Putting exosomes under the commercial microscope

Author: Ali Ranjbaran, Editor: Dr Chih Wei Teng

Progress in medical science has always been driven by the need to overcome challenges and new threats to public health. Some of these challenges arise as a result of the evolution of disease and virus, others simply exist beyond our understanding and current state of the art technology. Taken at any snapshot in time, current treatments of the day such as surgery, transplantation, and medication which have been routine treatment for many years, seem to be inadequate to address the global burden of the diseases (1). For example, organ transplantation is plagued by limited donor supply, high costs, immune rejection, and often need for lifelong chronic immunosuppressant therapy. Current pursuits include tissue regeneration refers to the physiological processes that necrotic cells and tissue are replaced by healthy cells and newly formed healthy tissue (2). The strategies for promoting tissue regeneration mainly include stem cell therapy, gene therapy, and tissue engineering, all of which can be classified under the broad definition of regenerative medicine. In the last decade, the capabilities of stem cells offered much potential in tissue regeneration, treating damaged caused by cardiovascular diseases and diabetes, such as corneal blindness and ulcers.

Despite the advantages of cell based therapies, some challenges remain. These include clinical risks (such as inflammation, the possibility of the immune response, and virus contamination), manufacturing costs, and regulation issues. As a consequence, clinicians and companies may elect to seek alternative therapies with similar outcomes but fewer risks and challenges rather than investing in cellular therapies. One such alternatives are exosomes, also referred to as intraluminal vesicles (ILVs) are a subtype of Extracellular Vesicles (EVs)- typically 30–150 nm in diameter (3). Originally thought of as cellular dumping or a way for cells to get rid of unneeded or unwanted material, it has been found that exosomes participate in cell-cell communication, cell maintenance, and tumour progression because of the DNAs, RNAs, proteins, and other bioactive signals carried in EVs.

Recent studies have demonstrated that the biological activities of EVs are similar to that of their source cells (2). As stem cells have been widely applied in the regenerative medicine field, EVs from stem cells with similar biological properties to their source stem cells may present a novel option of an alternative therapeutic option or delivery mechanism in the field of regenerative medicine. A recent spotlight by Cade Hildreth on exosomes gave examples of biotechs specialising in exosomes to include Exopharm and Vivazome Therapeutics in Australia and Capricor Therapeutics from the US.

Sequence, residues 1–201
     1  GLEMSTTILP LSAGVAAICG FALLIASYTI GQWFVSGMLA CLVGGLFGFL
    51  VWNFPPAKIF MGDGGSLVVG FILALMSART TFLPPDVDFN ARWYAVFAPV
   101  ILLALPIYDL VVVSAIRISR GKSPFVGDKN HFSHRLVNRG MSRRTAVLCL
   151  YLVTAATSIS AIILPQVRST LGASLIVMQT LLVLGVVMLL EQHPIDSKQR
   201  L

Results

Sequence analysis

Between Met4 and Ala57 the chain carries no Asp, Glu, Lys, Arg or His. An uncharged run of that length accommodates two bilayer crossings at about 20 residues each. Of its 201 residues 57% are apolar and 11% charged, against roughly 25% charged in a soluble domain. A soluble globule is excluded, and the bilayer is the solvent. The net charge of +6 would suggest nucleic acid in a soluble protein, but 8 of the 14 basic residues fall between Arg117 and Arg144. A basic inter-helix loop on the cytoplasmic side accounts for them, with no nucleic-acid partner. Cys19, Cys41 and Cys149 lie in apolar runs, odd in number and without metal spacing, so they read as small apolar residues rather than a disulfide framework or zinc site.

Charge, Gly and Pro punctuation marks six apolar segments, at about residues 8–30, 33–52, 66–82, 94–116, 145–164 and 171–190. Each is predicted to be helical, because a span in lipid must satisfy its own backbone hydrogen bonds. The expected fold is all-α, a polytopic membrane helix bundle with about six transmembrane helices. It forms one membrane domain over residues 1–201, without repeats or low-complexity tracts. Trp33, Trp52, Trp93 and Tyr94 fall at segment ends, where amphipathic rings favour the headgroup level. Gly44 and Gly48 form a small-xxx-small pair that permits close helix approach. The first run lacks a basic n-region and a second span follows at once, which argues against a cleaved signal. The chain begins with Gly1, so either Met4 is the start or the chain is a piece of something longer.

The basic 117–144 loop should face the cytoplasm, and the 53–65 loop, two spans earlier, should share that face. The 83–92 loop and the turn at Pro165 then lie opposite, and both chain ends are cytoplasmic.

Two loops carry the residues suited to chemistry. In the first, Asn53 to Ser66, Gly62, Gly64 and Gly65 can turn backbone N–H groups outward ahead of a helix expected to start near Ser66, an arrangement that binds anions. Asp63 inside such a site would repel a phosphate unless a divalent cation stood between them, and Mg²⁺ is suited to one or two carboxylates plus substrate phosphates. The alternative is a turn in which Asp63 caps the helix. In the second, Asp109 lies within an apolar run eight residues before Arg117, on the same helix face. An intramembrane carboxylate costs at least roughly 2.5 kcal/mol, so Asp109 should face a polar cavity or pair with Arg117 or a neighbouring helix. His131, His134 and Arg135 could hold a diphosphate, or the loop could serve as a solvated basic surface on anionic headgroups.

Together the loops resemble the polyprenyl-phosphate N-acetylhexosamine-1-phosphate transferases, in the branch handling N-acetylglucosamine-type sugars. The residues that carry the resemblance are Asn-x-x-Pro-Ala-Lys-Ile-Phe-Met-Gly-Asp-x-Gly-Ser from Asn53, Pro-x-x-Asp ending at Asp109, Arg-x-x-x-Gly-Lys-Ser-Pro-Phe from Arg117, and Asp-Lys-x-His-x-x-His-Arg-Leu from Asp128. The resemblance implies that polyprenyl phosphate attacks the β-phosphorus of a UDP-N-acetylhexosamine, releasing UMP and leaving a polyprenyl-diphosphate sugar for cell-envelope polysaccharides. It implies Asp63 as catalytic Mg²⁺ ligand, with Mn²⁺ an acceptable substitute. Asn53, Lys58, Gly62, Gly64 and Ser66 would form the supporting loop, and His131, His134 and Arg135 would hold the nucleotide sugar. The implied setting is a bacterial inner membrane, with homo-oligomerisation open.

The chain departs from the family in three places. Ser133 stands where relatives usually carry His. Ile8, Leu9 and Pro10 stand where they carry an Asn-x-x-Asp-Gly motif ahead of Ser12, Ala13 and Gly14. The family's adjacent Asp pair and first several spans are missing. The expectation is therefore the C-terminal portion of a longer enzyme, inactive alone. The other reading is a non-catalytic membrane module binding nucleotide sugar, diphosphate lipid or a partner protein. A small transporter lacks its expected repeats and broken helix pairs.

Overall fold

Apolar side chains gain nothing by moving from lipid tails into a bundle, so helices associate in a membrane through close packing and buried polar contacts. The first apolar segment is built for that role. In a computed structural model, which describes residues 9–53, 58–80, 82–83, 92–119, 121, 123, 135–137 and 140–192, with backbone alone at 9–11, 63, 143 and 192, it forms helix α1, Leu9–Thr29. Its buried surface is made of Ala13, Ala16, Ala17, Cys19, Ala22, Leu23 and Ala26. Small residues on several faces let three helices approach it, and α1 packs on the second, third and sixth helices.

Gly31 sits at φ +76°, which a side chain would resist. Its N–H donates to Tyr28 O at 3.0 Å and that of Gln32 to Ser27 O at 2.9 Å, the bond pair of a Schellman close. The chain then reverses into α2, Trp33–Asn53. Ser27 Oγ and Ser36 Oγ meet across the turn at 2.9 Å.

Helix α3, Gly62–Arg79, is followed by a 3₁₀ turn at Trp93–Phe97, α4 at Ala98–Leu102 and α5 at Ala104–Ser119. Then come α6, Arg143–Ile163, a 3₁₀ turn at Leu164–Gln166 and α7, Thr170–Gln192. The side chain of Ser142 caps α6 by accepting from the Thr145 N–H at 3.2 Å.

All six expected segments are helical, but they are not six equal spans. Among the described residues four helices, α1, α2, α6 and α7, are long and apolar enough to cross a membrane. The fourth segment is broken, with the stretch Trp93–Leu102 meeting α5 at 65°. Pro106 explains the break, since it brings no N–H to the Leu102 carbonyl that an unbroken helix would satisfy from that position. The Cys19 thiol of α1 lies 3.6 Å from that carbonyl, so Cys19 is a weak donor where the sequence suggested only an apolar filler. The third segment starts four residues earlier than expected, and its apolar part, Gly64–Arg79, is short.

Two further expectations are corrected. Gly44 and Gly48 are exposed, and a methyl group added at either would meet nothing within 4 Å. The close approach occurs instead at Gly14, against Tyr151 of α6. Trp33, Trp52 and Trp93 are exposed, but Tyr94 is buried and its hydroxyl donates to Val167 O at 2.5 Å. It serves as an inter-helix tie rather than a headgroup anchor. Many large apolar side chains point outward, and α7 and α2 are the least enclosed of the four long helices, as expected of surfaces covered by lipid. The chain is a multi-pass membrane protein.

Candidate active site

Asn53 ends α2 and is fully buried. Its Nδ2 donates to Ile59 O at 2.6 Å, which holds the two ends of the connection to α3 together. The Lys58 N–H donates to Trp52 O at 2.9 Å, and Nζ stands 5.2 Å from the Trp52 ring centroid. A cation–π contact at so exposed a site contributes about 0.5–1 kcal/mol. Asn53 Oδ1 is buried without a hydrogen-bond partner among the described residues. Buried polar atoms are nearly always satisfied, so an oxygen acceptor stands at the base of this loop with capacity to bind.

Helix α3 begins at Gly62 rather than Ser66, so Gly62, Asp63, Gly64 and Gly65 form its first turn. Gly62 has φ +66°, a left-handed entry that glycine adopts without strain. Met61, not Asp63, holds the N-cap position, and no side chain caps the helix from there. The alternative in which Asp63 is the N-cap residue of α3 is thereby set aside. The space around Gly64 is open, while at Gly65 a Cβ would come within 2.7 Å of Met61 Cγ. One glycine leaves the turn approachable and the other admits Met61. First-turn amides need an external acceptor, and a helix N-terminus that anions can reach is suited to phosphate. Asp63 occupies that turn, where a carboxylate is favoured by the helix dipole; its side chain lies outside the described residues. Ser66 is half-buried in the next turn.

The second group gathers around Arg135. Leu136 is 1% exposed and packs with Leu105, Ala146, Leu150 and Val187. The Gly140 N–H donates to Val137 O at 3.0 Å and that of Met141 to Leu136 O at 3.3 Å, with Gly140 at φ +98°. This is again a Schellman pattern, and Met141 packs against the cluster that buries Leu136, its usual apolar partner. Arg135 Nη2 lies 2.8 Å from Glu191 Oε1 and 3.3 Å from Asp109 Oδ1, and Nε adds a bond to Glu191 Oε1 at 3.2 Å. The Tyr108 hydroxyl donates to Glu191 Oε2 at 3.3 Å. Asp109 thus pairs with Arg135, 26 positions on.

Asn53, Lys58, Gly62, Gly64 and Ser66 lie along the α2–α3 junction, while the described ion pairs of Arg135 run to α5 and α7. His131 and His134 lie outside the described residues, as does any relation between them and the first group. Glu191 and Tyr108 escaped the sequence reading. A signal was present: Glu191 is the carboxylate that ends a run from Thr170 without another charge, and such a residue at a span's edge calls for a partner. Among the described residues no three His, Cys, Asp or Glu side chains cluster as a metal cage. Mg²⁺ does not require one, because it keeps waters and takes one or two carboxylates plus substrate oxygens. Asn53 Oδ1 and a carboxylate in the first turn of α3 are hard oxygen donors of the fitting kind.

Although exosomes seem promising, more standardized methods for exosome isolation and analysis are needed to meet the regulatory requirements of the FDA and other regulatory agencies to use exosomes as biomarkers, vaccines, drug delivery devices, and therapeutic tools.

This article is the first in a series of blogs about exosomes from a business perspective. The table below presents a quick comparison between exosomes and stem cell therapies. While at the outset, it seems that exosomes present an advantage over cell therapies, we must understand that we have only started to peel back the layers of understanding. As with novel techniques and therapies, there is often a lack of established protocol and in the case of exosomes, challenges associated with its small size, e.g. isolation. No doubt the information in the table will change as our knowledge of exosome grows and when exosomes are put into practice. More investigation needed. This table further presents the themes for future blogs, with the next being a look into the differences in sourcing and manufacture of exosomes and stem cell therapies.

Exosomes Cell Therapy
Safety:

·      Contamination

·      Inflammation2

·      Immune rejection2,4

·      Vascular obstructive effect4

·      Microvascular thrombosis4

·      Tumour formation2,4

No

No

No

No

No

No

Yes

Yes

Yes

Yes

Yes

Yes

Cost:

·      Application

·      Manufacture2

Cheap

Cheap

Expensive

Expensive

Manufacturing:

·      Process

·      Size2

·      Stability2

·      Storage2

Simple to complex

Very small

High

Simple

Complex and difficult

Varies

Low

Complex

Origin/type5 Autologous, Allogenic, Xenogeneic

Embryonic, mesenchymal,

cancer stem cells

Origin (age) dependent risks Moderate High
Medical application Simple (IV) Requires hospitalization
Market (product) Off the shelf Requires hospitalization

 Reference:

  1. Sang Ging Ong (2015, Circulation Research)
  2. Zhijie Ma (2020, Biomicrofluidics)
  3. Laura M. Doyle (2019, Cells)
  4. Poornima Venkat (2018, Stem cells translational medicine)
  5. Oh Young Bang (2019, Frontiers in neurology)